.How Public Art Revived the Ruins of Post-Quake Santa Cruz

After the Loma Prieta earthquake, a group of artists came together under the name “On Sight” to rebuild a sense of hope in the wreckage of downtown Santa Cruz.

Art & Healing: 30 Years After The Loma Prieta Earthquake, a new exhibit at the Museum of Art and History (MAH), tells the story of a community finding closure and new beginnings in the wake of a tragedy.

On Sight founder Robin Kandel became fascinated by the aftermath of the disaster. In the excavated lots and empty storefronts of Pacific Avenue, she saw blank canvases where artists could create temporary works to inspire the rebuilding.

“Some people’s aesthetic gravitates to ruins and rubble,” Kandel says. “It was just that thing that’s revealed, you know, the hidden underpinnings of the town.”

Kandel started “messing around down there in the rubble,” and had soon constructed what she describes as five “20-foot-tall stick men sculptures, to get the ball rolling.”

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She recalls a woman telling her that since her apartment building had been condemned after the quake, it was too depressing to walk past her old home, but the new sculptures brought a smile to her face.

“She was appreciative that something was happening, that it showed that we weren’t just going to be in the pits forever,” Kandel says.

Marla Novo, who curated the new MAH exhibit, also experienced the quake firsthand, and remembers the On Sight art projects fondly.

“I saw it all,” she says. “We were really in a funk for a while, and it was seriously dark and dusty. And then I remember these little sprouts of creativity coming up. These little artistic gifts started popping up everywhere, and it made us feel like, OK, things can get better.”


Kandel held the first meeting of what would become On Sight at her house on Nov. 1, 1989, just two weeks after the earthquake that destroyed 29 buildings in downtown alone. 

As lots were cleared, businesses began moving their inventories into seven enormous, temporary tent-like structures called Phoenix Pavilions, including a volunteer book brigade that helped to reopen what Kandel affectionately referred to as “Booktent Santa Cruz.” 

“It was like walking through a bazaar,” she says.

Artists Renee Flower and Gene Holtan got started with On Sight’s first project: free wrapping paper for the holidays. They made two designs, and the Santa Cruz Sentinel offered to print them for free, producing 10,000 copies in the first week of December and distributing them to downtown businesses.

Mike Mandel, an art teacher at Cabrillo College and UCSC, also got his students involved in the push for public art. They installed cardboard figures and faux movie posters in the entrance of the Del Mar Theater, and later decorated plywood construction fencing with photographs. Mandel also spread the word to a network of artists around the bay area, encouraging them to come to Santa Cruz to create something for the community.

On Sight became a tax-exempt corporation under the William James Association, and in 1990 the board submitted proposals to fund 18 art projects with some $68,000. Nine projects were funded through 1992. A photograph in the new MAH exhibit shows board members meeting for lunch in the remains of a downtown building.

One of the most iconic pieces produced was The Lighthouse, a 30-foot-tall wooden lighthouse built by Robert Catalusci, complete with a rotating spotlight and a carousel of portraits taken by UCSC students projected from within. Catalusci was quoted in the Sentinel in 1991, calling the sculpture “a beacon of light, signifying a safe harbor to come back to.”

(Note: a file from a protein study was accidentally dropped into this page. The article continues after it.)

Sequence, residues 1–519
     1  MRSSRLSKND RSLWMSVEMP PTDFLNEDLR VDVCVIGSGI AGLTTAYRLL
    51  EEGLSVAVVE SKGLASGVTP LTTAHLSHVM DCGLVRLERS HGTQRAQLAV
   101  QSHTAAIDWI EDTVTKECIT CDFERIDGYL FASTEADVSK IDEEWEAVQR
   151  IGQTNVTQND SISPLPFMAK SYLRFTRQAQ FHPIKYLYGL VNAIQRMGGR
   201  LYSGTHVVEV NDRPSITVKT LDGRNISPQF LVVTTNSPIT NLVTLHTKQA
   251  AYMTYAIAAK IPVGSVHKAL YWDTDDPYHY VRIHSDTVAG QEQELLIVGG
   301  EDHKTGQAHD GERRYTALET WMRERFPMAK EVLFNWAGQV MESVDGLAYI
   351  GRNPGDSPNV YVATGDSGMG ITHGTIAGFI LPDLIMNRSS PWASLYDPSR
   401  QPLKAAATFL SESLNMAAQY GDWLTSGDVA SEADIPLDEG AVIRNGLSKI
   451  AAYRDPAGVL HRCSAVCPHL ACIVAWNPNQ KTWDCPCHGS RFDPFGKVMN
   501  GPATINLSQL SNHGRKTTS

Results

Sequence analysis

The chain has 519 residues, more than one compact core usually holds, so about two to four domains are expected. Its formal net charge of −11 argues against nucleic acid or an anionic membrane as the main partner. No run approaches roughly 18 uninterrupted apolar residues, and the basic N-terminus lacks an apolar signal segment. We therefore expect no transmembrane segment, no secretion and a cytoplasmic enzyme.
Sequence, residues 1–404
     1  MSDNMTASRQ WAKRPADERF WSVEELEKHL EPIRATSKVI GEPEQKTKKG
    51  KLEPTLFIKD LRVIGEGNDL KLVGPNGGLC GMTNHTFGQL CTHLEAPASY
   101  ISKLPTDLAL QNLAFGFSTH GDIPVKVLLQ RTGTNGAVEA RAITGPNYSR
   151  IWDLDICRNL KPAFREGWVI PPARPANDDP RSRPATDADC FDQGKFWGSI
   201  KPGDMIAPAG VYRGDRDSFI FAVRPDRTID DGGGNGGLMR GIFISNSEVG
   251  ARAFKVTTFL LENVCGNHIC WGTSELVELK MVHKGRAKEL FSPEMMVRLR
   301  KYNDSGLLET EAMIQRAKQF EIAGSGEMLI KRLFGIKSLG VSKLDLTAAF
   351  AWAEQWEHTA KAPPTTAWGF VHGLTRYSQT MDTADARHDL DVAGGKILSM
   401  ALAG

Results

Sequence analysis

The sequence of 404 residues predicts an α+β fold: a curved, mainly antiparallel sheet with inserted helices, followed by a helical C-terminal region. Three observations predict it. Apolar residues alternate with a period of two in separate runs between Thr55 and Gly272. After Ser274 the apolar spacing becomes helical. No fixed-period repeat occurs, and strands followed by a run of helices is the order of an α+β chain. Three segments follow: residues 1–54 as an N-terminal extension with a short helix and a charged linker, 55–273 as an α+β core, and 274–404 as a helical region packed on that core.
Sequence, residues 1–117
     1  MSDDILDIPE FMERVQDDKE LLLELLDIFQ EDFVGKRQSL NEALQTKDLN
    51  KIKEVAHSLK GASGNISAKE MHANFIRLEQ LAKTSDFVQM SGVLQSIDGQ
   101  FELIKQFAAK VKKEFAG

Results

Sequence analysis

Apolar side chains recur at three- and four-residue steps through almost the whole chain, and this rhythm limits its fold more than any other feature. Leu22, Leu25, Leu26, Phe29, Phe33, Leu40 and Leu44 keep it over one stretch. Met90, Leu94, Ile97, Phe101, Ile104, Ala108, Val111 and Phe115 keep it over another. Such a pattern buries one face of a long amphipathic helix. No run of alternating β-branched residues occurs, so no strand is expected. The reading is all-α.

Lighting artist John Ammirati was inspired by the ruins of the Pacific Western Bank at Front and Cooper streets, where only two walls of the building remained, heavily buttressed with supports. For his piece Phantom Bank, Ammirati projected lights onto the broken facades and interiors that slowly shifted and changed colors.

Other projects included Su-Chen Hung’s interactive photography and collage installation Behind Glass, Chip Lord and Mickey McGowan’s storefront installation for the city planning organization Vision Santa Cruz, and Andy Harader’s sculpture garden at the farmer’s market.

In addition to welcoming the community back to Pacific Avenue, the works these artists made after the Loma Prieta earthquake helped establish today’s vibrant arts scene in downtown Santa Cruz. Mandel and others advocated for spaces for art at the Vision Santa Cruz meetings where 36 city officials, bankers, merchants and community members decided the direction of the recovery and rebuilding of the downtown area.

On Sight board member Lin Marelick says in a quote featured in the exhibit that the group “paved the way for what is now an ongoing downtown site for installation pieces, and On Sight courageously made that move when the downtown was most devastated.”

For Antonia Franco, interim executive director of the MAH, the outgrowth of art from trauma also symbolized broader resilience. 

“This exhibit shows how we can turn challenges into uplifting, shared experiences,” Franco tells GT in an email. The post-disaster art wave doubled as a lesson, she adds, that, “We can use creativity to grow stronger and more connected as a community.”

Kandel says it was also personally invigorating to get a group of creative people together who may have otherwise never met.

“It became about owning your town,” she says, “owning some piece of hope,”

‘Art & Healing’ opened Friday, Oct. 4 at the MAH as part of a city-wide look back at the Loma Prieta earthquake after 30 years. It will run until Aug. 22, 2021, and then be incorporated into the history gallery. santacruzmah.org/lomaprieta.


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